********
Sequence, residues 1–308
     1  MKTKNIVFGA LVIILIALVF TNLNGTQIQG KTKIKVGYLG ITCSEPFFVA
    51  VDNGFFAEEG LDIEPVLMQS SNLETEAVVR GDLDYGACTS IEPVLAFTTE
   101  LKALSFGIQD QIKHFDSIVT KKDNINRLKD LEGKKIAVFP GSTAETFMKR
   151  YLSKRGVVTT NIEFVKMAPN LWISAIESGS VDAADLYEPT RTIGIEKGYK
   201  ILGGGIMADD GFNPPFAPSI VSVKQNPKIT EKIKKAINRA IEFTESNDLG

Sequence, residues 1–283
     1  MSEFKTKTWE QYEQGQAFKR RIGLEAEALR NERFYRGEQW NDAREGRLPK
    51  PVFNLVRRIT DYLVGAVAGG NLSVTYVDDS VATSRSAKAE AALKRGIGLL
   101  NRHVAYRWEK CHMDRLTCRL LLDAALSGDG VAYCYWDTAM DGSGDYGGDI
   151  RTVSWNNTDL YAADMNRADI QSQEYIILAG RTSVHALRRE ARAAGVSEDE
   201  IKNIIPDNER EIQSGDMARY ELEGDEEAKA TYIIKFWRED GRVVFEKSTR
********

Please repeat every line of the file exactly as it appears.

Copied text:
Sequence, residues 1–308
     1  MKTKNIVFGA LVIILIALVF TNLNGTQIQG KTKIKVGYLG ITCSEPFFVA
    51  VDNGFFAEEG LDIEPVLMQS SNLETEAVVR GDLDYGACTS IEPVLAFTTE
   101  LKALSFGIQD QIKHFDSIVT KKDNINRLKD LEGKKIAVFP GSTAETFMKR
   151  YLSKRGVVTT NIEFVKMAPN LWISAIESGS VDAADLYEPT RTIGIEKGYK
   201  ILGGGIMADD GFNPPFAPSI VSVKQNPKIT EKIKKAINRA IEFTESNDLG

Sequence, residues 1–283
     1  MSEFKTKTWE QYEQGQAFKR RIGLEAEALR NERFYRGEQW NDAREGRLPK
    51  PVFNLVRRIT DYLVGAVAGG NLSVTYVDDS VATSRSAKAE AALKRGIGLL
   101  NRHVAYRWEK CHMDRLTCRL LLDAALSGDG VAYCYWDTAM DGSGDYGGDI
   151  RTVSWNNTDL YAADMNRADI QSQEYIILAG RTSVHALRRE ARAAGVSEDE
   201  IKNIIPDNER EIQSGDMARY ELEGDEEAKA TYIIKFWRED GRVVFEKSTR